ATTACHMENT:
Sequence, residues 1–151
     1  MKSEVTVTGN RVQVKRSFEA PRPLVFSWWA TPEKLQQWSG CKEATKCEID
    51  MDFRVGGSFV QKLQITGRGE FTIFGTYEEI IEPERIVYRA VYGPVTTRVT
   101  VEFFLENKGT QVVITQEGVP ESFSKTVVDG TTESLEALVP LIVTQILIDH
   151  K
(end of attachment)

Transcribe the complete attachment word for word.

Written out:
Sequence, residues 1–151
     1  MKSEVTVTGN RVQVKRSFEA PRPLVFSWWA TPEKLQQWSG CKEATKCEID
    51  MDFRVGGSFV QKLQITGRGE FTIFGTYEEI IEPERIVYRA VYGPVTTRVT
   101  VEFFLENKGT QVVITQEGVP ESFSKTVVDG TTESLEALVP LIVTQILIDH
   151  K